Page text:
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Guantánamo Voices: An Amazing Comic Book Version of the Guantánamo Story

The front cover of “Guantánamo Voices: True Accounts from the World’s Most Infamous Prison,” and a page from the chapter based on an interview with attorney Shelby Sullivan-Bennis, featuring the campaign to secure the release of Shaker Aamer, the last British resident in the prison, drawn by Kasia Babis, a Polish cartoonist and political activist.

Please support my work as a reader-funded journalist! I’m currently trying to raise $2500 (£2000) to support my writing and campaigning on Guantánamo and related issues over the next three months of the Trump administration. If you can help, please click on the button below to donate via PayPal.





 

I wrote the following article for the “Close Guantánamo” website, which I established in January 2012, on the 10th anniversary of the opening of Guantánamo, with the US attorney Tom Wilner. Please join us — just an email address is required to be counted amongst those opposed to the ongoing existence of Guantánamo, and to receive updates of our activities by email.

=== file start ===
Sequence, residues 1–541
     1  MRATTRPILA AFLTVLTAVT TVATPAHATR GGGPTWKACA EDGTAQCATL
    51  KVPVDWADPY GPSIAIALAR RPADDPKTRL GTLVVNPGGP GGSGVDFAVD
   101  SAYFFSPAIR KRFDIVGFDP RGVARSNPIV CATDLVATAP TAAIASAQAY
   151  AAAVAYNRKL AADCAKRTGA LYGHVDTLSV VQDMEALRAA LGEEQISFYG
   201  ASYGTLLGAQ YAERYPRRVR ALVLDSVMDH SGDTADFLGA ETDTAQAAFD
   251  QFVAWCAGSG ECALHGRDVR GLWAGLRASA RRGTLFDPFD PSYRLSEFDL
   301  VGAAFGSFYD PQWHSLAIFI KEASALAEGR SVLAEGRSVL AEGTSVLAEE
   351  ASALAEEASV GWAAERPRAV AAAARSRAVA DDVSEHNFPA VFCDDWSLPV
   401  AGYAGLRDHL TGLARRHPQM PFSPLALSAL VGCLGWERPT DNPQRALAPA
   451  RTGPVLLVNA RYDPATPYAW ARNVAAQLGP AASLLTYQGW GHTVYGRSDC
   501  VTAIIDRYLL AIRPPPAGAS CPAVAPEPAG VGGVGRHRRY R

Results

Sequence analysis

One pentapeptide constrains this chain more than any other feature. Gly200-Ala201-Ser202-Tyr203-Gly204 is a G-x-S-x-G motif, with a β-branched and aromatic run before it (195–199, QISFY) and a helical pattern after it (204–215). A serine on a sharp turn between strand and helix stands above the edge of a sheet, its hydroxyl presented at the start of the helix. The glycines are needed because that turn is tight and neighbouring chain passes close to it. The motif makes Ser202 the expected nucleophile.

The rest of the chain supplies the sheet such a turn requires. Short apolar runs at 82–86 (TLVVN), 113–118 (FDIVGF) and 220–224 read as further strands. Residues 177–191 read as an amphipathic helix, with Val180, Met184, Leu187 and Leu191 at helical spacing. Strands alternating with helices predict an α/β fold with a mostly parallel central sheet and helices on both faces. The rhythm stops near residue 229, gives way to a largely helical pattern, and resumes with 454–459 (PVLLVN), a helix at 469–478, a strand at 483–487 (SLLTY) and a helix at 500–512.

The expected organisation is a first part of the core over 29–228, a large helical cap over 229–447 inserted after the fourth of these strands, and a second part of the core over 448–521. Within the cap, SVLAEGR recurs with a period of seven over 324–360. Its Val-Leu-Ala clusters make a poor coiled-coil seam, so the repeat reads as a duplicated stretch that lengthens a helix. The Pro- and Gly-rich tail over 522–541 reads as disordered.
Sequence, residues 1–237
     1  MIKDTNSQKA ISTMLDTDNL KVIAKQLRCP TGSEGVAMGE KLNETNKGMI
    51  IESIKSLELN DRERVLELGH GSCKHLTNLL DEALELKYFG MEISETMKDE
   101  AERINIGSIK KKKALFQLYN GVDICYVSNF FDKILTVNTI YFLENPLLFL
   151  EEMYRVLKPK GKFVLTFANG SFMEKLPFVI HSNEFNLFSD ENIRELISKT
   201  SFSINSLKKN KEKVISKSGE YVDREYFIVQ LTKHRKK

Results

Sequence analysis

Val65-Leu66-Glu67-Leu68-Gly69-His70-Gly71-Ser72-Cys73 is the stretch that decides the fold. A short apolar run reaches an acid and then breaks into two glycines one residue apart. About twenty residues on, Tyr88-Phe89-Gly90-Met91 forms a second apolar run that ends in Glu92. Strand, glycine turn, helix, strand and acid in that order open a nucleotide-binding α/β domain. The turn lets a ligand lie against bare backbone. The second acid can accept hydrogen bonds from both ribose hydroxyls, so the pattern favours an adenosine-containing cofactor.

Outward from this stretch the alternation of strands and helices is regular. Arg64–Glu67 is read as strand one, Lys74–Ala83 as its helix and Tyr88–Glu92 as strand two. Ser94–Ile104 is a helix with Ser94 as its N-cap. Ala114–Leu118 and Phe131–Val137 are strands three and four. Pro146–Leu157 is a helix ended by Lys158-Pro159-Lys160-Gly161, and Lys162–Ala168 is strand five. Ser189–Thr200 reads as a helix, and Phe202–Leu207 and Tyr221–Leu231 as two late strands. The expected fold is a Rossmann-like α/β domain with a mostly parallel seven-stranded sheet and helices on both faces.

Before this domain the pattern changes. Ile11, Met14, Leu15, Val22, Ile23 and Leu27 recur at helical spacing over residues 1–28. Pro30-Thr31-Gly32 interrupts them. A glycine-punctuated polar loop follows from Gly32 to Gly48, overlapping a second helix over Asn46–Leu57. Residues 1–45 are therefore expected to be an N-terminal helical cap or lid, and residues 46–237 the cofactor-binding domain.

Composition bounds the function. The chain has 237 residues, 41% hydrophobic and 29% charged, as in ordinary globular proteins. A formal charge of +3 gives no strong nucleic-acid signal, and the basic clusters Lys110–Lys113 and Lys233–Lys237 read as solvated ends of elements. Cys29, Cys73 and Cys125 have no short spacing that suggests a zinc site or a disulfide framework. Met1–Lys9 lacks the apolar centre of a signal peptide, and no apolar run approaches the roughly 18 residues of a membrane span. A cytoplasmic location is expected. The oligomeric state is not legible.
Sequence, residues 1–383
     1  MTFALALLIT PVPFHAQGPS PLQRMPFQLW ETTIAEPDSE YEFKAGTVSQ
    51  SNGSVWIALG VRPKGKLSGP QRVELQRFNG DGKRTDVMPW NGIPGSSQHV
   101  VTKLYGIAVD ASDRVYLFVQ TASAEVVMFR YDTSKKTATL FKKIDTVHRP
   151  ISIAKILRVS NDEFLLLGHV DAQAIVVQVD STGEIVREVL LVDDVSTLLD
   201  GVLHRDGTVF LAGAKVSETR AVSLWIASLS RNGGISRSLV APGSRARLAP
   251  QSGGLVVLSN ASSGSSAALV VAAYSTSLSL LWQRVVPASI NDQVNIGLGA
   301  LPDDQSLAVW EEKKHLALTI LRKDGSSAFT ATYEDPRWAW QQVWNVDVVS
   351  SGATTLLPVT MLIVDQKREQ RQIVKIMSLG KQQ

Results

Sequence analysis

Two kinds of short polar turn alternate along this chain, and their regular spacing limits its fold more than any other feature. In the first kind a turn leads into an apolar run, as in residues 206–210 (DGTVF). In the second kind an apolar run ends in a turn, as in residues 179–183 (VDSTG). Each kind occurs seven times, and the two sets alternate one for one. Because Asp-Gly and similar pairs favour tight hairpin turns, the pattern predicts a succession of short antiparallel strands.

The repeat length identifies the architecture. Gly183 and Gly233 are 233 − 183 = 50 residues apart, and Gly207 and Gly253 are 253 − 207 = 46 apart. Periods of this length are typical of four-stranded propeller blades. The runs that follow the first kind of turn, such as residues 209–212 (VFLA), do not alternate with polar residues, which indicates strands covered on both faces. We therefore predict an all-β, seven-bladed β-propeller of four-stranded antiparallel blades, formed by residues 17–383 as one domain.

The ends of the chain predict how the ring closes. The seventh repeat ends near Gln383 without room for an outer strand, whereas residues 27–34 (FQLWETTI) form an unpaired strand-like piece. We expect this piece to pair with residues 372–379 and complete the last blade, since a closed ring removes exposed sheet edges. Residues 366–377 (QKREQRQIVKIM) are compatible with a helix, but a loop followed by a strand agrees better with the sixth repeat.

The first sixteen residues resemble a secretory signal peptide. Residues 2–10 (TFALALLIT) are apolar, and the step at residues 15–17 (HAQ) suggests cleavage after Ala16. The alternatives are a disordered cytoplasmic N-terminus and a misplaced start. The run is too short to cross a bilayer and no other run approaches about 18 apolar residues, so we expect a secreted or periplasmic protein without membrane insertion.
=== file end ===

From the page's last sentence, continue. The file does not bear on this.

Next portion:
I have nothing but praise for “Guantánamo Voices: True Accounts from the World’s Most Infamous Prison,” a brand-new book, just published by Abrams, which was written by Portland-based multi-media journalist Sarah Mirk, and illustrated by a number of talented graphic artists.

I should say upfront that I was the fact checker for the book, having been in contact with Sarah for many years. In 2018, I appeared, in comic book form, illustrated by the Australian artist Jess Parker, in Guantánamo Bay is Still Open. Still. STILL!, a story in the comics anthology magazine The Nib, for which Sarah is an editor, based on an interview she had conducted with me in October 2017.